He won the Scottish Amateur Championship in 1973, played in four Walker Cups and has been described as one of Scotland’s greatest amateur golfers. A member of Monifieth Golf Club for more 60 years and a long-serving member of the Monifieth Links Management Committee, Ian Hutcheon is without doubt a local legend. Now retired, he busies himself looking after his garden and, you guessed it, playing golf.
Name: Ian Hutcheon (Hutch)
Club: Monifieth Golf Club
What is your greatest memory of The Open?
“The Open wasn’t high on my agenda because I needed all my time to play in amateur tournaments, but I did try to qualify twice, once at Panmure. I was in a play-off but didn’t get through. There were about a dozen of us going for one place. It’s pretty tough to qualify for The Open, even back in 1970! That was the year Doug Sanders qualified at Panmure for St Andrews.”
“In terms of The Open itself, I have memories of things that were going on when Ben Hogan was here. Hogan was a big name and made as big an impact on Carnoustie as anyone. He came over here, won it and never came back!”
“I also remember quite a bit about the Gary Player Open and the Watson one, which was 1968 and ’75. The thing that stands out was not who won it, but who threw it away. In 1968, I remember the last day was quite stormy and I think Gary Player shot 72, but Billy Casper took 78 and lost by a shot. That was a difficult day.”
“I think Player was fortunate, and the same could be said for Tom Watson. In 1975, Bobby Cole, who won the British Amateur at Carnoustie, had shot 72, two 66’s and finished up with 76 and lost by a shot to Watson and Newton. Johnny Miller was in the hunt as well. I remember watching him take two to get out of the bunker on the right-hand side of the 18th. He finished with a 74. These guys threw it away, but that’s Carnoustie. It’s a difficult finish.”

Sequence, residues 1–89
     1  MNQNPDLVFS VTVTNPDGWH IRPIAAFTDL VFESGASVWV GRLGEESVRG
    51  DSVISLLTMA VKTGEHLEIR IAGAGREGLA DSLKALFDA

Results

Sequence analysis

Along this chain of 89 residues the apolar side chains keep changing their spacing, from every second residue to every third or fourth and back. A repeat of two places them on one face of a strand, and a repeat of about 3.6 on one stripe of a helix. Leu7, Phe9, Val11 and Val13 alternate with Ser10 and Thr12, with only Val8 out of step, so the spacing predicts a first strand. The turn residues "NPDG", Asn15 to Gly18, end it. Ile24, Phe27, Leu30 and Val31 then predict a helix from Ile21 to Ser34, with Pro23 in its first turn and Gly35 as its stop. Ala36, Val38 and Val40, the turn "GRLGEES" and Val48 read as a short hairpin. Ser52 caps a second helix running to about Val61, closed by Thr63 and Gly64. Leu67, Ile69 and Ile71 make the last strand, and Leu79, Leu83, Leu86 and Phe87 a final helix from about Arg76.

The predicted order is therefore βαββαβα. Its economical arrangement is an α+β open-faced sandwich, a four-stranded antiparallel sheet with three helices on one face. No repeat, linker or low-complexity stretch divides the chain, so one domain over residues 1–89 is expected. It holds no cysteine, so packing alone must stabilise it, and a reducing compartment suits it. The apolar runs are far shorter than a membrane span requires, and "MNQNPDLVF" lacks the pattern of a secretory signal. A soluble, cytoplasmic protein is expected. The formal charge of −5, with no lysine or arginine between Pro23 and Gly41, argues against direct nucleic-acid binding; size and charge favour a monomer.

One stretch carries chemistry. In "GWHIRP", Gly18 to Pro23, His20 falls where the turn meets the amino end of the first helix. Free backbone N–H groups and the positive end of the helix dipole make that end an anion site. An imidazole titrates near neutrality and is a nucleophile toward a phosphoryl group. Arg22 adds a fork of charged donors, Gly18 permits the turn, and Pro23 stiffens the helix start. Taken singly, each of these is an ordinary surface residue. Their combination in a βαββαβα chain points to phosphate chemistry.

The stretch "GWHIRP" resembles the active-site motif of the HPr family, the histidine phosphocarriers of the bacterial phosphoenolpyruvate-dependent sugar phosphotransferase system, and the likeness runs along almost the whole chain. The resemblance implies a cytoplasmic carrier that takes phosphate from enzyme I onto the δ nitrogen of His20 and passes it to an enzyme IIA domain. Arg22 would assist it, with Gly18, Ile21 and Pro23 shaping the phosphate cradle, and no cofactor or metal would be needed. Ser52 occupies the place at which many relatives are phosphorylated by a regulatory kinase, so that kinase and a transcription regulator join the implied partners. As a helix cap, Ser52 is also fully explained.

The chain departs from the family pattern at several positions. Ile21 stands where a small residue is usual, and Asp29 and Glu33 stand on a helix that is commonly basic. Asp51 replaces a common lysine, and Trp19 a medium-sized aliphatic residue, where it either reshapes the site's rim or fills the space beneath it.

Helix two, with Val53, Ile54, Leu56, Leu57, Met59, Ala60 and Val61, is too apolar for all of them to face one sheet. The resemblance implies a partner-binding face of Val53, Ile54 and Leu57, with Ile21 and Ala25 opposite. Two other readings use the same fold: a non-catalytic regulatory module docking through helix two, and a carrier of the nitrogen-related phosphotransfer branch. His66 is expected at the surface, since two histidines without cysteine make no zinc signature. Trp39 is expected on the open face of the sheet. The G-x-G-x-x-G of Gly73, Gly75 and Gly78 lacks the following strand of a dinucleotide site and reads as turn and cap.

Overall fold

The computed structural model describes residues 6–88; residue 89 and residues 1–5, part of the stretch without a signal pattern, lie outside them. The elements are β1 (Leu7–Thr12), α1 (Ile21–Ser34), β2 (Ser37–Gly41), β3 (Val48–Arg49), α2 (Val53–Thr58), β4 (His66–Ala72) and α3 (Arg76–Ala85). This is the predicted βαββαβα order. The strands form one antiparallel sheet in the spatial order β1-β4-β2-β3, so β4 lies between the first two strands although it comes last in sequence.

What is your abiding memory of winning the Scottish Amateur at Carnoustie in 1973?
“I can remember that alright. I remember I had a great match in the semi-final with David Greg who is a very good friend of mine and a very good golfer. I don’t think I’ve seen so many people out watching an amateur game than on that Friday afternoon. David should have probably won, but for the famous Carnoustie finish. I was two down with three to play and I won the last three holes, which can always happen at Carnoustie. I finished with three pars and won them all.”
How would you describe golf in Carnoustie Country?
“Some people can’t believe the difference you can get from one day to the next on a links course. One day you could be hitting a drive and a wedge, the next you need a drive and a three iron. Every day is different, so you can’t just stand up and hit standard golf shots. There’s so much more decision making and management of your game involved, from one day to the next.”
What makes playing golf in Carnoustie Country special?
“There’s a lot of history here. The clubs go back hundreds of years. What makes playing at Carnoustie special is the history of The Open Championship. It’s a great attraction that we take a bit for granted. A lot of the visitors who come here appreciate the history. They appreciate the old-style clubhouses, because that’s the way golf was, and maybe still should be.”
“It’s a great golfing area. I’ve played all over the world and I think I’ve enjoyed myself just as much on the courses around here as anywhere.”
What is a local inside tip when visiting Carnoustie Country?
“Take a tour round the coast as well as going inland, there are a lot of things to see. Glamis Castle, for instance, is the ancestral home of the people who owned the land around here at one time or another. These were the people that granted the ground on which the golf courses were formed.”